The plight of Engela’s expectant mothers

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Nuusita Ashipala

Engela-The plight of expectant mothers camping outside the Engela Intermediate Hospital is far from over.

Their suffering has worsened because they now have to camp along a stream next to untreated sewerage water, making them prone to malaria.

When it rains, these expectant mothers are also compelled to seek shelter at the hospital as their tents become flooded.

The women reside just below the road constructed on high ground adjacent to the hospital, which means water flows through their tents into the sewerage water nearby when it rains.

The greenish sewerage water is a breeding site for swarms of mosquitos and the women have to be in their tents as early as 18h00 to avoid being bitten by malaria-bearing mosquitos.

With the persistent rain, it has also become routine to relocate their tents around the stream as well as dry their belongings on the nearby thorn bushes in their vicinity.

“Once it starts raining, you grab your bag and run to the hospital because the tent gets wet and cold,” related one of the mothers.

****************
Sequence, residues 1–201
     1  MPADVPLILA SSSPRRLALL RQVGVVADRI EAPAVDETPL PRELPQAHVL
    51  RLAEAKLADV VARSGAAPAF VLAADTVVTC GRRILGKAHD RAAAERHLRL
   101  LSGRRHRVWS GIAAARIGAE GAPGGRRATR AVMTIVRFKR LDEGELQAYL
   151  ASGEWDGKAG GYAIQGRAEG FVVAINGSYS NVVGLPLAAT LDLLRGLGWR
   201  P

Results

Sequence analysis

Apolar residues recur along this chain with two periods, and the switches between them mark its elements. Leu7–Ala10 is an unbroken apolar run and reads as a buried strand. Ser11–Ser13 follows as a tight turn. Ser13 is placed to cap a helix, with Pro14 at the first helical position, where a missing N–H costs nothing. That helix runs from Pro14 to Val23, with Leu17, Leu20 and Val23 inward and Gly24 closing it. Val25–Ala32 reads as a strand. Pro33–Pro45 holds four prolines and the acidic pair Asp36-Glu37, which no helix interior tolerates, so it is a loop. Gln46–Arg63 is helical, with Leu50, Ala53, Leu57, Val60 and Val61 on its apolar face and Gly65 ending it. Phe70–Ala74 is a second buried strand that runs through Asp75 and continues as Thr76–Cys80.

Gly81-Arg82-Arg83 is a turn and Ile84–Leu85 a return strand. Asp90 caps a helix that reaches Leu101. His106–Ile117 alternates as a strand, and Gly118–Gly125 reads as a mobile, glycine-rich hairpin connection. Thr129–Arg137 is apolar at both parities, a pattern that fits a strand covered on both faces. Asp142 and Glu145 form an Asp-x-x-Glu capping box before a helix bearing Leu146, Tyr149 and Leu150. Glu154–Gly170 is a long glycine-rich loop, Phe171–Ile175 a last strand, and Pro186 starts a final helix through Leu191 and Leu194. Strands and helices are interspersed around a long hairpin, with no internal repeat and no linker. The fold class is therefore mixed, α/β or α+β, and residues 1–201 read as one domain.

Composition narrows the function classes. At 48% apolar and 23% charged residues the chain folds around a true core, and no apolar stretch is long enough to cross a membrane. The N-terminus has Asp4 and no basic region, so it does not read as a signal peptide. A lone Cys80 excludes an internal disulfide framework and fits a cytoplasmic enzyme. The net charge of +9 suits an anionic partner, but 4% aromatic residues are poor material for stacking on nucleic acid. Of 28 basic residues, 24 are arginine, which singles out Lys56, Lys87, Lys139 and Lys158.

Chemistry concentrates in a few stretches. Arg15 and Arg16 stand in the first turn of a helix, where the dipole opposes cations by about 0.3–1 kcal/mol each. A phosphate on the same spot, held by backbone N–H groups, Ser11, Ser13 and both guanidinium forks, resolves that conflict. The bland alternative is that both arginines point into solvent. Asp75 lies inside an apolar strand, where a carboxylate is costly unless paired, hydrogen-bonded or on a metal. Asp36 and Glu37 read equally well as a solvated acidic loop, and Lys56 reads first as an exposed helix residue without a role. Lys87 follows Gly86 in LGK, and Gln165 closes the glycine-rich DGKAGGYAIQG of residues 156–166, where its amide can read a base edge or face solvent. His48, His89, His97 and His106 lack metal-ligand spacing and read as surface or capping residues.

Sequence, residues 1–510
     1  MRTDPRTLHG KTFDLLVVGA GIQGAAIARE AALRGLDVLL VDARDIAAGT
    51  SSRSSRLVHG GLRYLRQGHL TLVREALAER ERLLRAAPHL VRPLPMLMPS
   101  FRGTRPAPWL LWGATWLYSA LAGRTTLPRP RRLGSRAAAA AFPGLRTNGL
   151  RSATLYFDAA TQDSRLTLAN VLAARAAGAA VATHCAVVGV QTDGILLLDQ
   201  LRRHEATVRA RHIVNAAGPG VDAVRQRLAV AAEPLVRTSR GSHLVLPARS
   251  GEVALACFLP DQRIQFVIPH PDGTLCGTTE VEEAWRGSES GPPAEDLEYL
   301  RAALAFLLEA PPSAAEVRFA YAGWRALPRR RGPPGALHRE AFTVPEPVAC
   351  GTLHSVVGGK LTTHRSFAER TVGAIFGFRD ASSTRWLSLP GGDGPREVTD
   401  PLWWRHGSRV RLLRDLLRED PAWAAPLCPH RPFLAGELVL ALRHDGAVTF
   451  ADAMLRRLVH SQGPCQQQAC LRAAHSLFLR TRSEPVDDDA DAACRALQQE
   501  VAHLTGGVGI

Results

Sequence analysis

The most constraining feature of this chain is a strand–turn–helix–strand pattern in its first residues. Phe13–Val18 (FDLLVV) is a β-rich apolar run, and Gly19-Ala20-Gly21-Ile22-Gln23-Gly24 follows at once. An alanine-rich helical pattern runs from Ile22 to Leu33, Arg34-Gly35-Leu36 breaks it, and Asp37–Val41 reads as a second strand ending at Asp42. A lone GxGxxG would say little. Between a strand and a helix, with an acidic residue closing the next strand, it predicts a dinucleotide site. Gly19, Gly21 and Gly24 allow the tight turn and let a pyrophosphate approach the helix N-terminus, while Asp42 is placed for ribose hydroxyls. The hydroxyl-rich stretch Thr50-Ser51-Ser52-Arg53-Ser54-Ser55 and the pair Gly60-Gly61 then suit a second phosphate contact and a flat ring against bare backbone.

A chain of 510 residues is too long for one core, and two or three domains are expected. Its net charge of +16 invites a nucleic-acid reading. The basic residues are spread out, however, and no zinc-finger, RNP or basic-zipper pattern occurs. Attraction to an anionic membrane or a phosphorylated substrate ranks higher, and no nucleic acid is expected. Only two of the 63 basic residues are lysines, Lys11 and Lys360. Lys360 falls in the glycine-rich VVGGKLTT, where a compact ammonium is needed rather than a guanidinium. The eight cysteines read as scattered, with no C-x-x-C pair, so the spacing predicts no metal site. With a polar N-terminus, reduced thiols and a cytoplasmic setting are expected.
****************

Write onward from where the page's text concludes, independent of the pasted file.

Once the rain subsides they return to their tents to remove some of the water that has streamed into the tents.

However, when the rain is heavy, they have no other choice but to sleep on waiting room benches inside the hospital.

Mothers refuse to stay at Tuyakula shelter, which was built a few years ago, saying it is more unhygienic than camping in the open.

The multi-million dollar shelter for expectant mothers sponsored by the Governor of Ohangwena Region Usko Nghaamwa is slowly crumbling because of lack of proper care.
“We need to take ownership of every donation we get. The infrastructure was fully furnished to accommodate 60 mothers and look at what happened to it,” Nghaamwa said.

He appealed to citizens to jealously safeguard donations such as these because they are aimed at benefiting the current and future generation.

Nghaamwa said negotiations are ongoing to allow the Ministry of Health and Social Services to take over ownership of the shelter and run its affairs.

“It is our hope that the building will become operational again,” the Ohangwena regional governor said.

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